Messy desk-havers, unite! Recent studies show that you might not be the lazy, disorganized slob your tidier coworkers believe you to be. Instead, you just might be the next Einstein or Roald Dahl.
“Messy desks may not be as detrimental as they appear to be, as the problem-solving approaches they seem to cause can boost work efficiency or enhance employees’ creativity in problem solving,” say researchers.
Jia Liu of the University of Groningen says that managers who promote clean office cubicles might be going about increasing productivity the wrong way.
Clean desk policies are “based on the conventional wisdom that a disorganized and messy environment can clutter one’s mind and complicate one’s judgments,” says Liu. “However, not all evidence supports this conventional link between a messy environment and a messy mind.”
Instead, researchers found that clean desk advocates were being overly simplistic. They tended to choose less complicated products, such as t-shirts with a simpler design, instead of more creative, involved merchandise.
The benefits to messy desks might outweigh the costs. In their book, “A Perfect Mess,” authors Eric Abrahamson and David H. Freedman, argue that a messy desk can actually be the product of a productive worker.
“Mess isn’t necessarily the absence of order,” say Abrahamson and Freedman. “A messy desk can be a highly effective prioritizing and accessing system.”
Messy deskers often claim that they have a system, and Abramson and Freedman say they might be right. In a messy environment, they claim, important documents tend to stay on top of the pile, where they’re most needed. In addition, some of those sloppy-looking piles might represent a fairly advanced organizational system, they say.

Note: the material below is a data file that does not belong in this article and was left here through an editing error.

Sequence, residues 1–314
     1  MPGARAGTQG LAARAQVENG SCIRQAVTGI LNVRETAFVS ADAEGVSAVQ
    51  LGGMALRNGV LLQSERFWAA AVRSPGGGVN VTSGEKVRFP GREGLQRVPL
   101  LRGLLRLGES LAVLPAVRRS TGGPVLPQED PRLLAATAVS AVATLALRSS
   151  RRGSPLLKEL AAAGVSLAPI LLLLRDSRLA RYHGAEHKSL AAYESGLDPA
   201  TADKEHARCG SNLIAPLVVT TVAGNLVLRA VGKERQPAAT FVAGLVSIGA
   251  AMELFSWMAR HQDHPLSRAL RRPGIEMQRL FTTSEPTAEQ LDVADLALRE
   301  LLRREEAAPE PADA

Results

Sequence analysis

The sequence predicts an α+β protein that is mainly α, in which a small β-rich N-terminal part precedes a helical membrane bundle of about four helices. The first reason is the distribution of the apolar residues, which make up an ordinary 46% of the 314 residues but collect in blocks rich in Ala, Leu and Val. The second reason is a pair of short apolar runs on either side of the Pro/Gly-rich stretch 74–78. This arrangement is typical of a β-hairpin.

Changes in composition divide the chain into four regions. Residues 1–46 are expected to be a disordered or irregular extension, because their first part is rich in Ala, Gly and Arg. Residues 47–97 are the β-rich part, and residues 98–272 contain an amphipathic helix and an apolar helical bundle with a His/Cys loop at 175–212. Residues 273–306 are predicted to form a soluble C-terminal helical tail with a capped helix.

In fact, the messiest desks of all might belong to the CEO. “Company heads are decidedly less organized than their subordinates,” said Dr. Wayne Nemeroff, PsyMax Solutions CEO. Workers with higher levels of education and experience tended to have messier desks than those at lower levels in the organization, the book said. And that’s not even beginning to talk about famously messy creative geniuses like Albert Einstein, Roald Dahl, and Steve Jobs.
Still, companies don’t always recognize the advantages of the messy desk lifestyle. Occasionally, they go so far as to fire workers who don’t conform to the organization’s ideal of the tidy work area. In 1985, a former Red Cross employee — ironically named Rita McClean — sued for $92,000 after being terminated, in part for having a messy desk. No word on whether she (forgave them) cleaned up.
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